antocuni at codespeak.net antocuni at codespeak.net
Sat Dec 20 20:58:57 CET 2008

Author: antocuni
Date: Sat Dec 20 20:58:54 2008
New Revision: 60659

Modified:
Log:
some minore changes

==============================================================================
+++ pypy/extradoc/talk/ecoop2009/benchmarks.tex	Sat Dec 20 20:58:54 2008
@@ -41,7 +41,7 @@
much better.  At the first iteration, the classes of the two operands of the
multiplication are promoted; then, the JIT compiler knows that both are
integers, so it can inline the code to compute the result.  Moreover, it can
-\emph{virtualize} (see section \ref{sec:virtuals} all the temporary objects, because they never escape from
+\emph{virtualize} (see Section \ref{sec:virtuals}) all the temporary objects, because they never escape from
the inner loop.  The same remarks apply to the other two operations inside
the loop.

@@ -167,7 +167,7 @@
code we wrote uses two classes and a \lstinline{virtual} method call to
implement this behaviour.

-However, our generated JIT does not compile the whole function at
+As already discussed, our generated JIT does not compile the whole function at
once. Instead, it compiles and executes code chunk by chunk, waiting until it
knows enough informations to generate highly efficient code.  In particualr,
at the time it emits the code for the inner loop it exactly knows the

==============================================================================
+++ pypy/extradoc/talk/ecoop2009/clibackend.tex	Sat Dec 20 20:58:54 2008
@@ -6,7 +6,7 @@
From the implementation point of view, the JIT generator is divided into a
frontend and several backends.  The goal of the frontend is to generate a JIT
compiler which works as described in the previous sections.  Internally, the
-frontend represents the compiled code as \emph{flow graphs}, and the role of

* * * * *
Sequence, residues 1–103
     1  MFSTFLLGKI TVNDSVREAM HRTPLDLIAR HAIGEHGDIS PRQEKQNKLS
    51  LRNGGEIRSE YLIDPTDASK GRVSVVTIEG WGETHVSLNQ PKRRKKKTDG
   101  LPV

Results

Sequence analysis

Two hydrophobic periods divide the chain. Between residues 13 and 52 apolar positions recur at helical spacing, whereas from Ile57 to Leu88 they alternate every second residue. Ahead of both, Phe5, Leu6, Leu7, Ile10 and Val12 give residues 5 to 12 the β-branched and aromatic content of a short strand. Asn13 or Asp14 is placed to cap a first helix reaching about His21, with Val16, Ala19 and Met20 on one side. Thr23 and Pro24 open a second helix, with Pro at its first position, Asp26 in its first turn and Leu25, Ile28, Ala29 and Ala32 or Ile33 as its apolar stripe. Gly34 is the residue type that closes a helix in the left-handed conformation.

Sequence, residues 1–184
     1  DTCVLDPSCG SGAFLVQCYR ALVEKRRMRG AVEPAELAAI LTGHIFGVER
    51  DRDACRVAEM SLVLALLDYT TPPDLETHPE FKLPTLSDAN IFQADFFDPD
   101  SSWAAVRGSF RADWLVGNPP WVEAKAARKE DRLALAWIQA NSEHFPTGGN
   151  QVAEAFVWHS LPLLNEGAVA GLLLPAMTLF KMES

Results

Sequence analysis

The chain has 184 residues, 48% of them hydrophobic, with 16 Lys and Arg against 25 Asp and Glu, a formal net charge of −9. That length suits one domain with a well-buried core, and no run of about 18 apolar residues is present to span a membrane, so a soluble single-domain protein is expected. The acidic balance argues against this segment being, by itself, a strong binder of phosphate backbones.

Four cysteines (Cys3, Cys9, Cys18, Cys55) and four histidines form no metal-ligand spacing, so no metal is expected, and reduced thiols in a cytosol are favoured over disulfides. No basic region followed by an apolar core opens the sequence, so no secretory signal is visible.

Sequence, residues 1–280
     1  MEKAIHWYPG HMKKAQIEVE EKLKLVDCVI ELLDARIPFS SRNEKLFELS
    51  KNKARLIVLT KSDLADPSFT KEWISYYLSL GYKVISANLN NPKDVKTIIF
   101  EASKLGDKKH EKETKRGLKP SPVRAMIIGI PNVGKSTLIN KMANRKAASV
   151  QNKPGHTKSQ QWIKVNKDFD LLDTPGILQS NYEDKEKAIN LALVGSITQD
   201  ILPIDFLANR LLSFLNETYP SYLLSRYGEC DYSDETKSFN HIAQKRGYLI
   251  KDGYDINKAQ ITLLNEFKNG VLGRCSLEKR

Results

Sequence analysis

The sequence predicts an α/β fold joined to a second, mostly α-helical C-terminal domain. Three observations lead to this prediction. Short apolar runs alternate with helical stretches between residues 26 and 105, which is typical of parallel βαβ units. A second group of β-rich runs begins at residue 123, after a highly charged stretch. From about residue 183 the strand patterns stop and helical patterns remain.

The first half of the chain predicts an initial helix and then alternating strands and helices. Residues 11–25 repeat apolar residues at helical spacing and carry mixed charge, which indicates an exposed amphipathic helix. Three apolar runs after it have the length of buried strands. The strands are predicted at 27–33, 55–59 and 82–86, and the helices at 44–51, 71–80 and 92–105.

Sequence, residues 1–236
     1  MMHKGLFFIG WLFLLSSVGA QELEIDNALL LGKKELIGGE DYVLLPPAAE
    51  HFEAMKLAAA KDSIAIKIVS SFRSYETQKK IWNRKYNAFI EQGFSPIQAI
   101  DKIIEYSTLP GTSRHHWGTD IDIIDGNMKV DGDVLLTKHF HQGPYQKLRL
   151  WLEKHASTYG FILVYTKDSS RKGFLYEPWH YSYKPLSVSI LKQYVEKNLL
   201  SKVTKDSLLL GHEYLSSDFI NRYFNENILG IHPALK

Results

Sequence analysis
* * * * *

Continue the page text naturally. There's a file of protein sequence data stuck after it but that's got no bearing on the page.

+JIT represents the compiled code as \emph{flow graphs}, and the role of
the backends is to translate flowgraphs into machine code.

At the moment of writing, three backends have been implemented: one for Intel
@@ -20,7 +20,7 @@
JIT-compilation, each layer removing away different kinds of overhead.  By
operating at a higher level, our JIT can potentially do a better job than the
.NET one in some contexts, as our benchmarks demonstrate (see
-section~\ref{sec:benchmarks}).  On the other hand, the lower-level .NET JIT is
+Section~\ref{sec:benchmarks}).  On the other hand, the lower-level .NET JIT is
very good at producing machine code, much more than PyPy's own \emph{x86}
backend for example.  By combining the strengths of both we can get highly
efficient machine code.

==============================================================================
+++ pypy/extradoc/talk/ecoop2009/conclusion.tex	Sat Dec 20 20:58:54 2008
@@ -54,6 +54,12 @@
\cite{Blanchet99escapeanalysis}, \cite{Choi99escapeanalysis} our algorithm is
totally simple-minded, but it is still useful in practise.

+\commentout{
+\section{Future work}
+
+XXX to be written
+}
+
\section{Conclusion}

high level structure:

==============================================================================
+++ pypy/extradoc/talk/ecoop2009/jitgen.tex	Sat Dec 20 20:58:54 2008
@@ -1,7 +1,7 @@
\section{Automatic generation of JIT compilers}

Traditional JIT compilers are hard to write, time consuming, hard to evolve,
-etc. etc.
+etc. etc. \anto{we need a better introductive sentence}

\commentout{
\begin{figure}[h]

==============================================================================
+++ pypy/extradoc/talk/ecoop2009/tlc.tex	Sat Dec 20 20:58:54 2008
@@ -45,7 +45,7 @@
Obviously, not all the operations are applicable to all types. For example,
it is not possible to \lstinline{ADD} an integer and an object, or reading an
attribute from an object which does not provide it.  Being dynamically typed,
-the VM needs to do all these checks at runtime; in case one of the check
+the interpreter needs to do all these checks at runtime; in case one of the check
fails, the execution is simply aborted.

\subsection{TLC properties}
@@ -82,7 +82,8 @@
As we said above, TLC exists only at bytecode level; to ease the development
of TLC programs, we wrote an assembler that generates TLC bytecode. Figure \ref{fig:tlc-abs}
shows a simple program that computes the absolute value of
-the given integer.
+the given integer.  In the subsequent sections, we will examine step-by-step
+how the generated JIT compiler manages to produce a fully optimized version of it.

\begin{figure}[h]
\begin{center}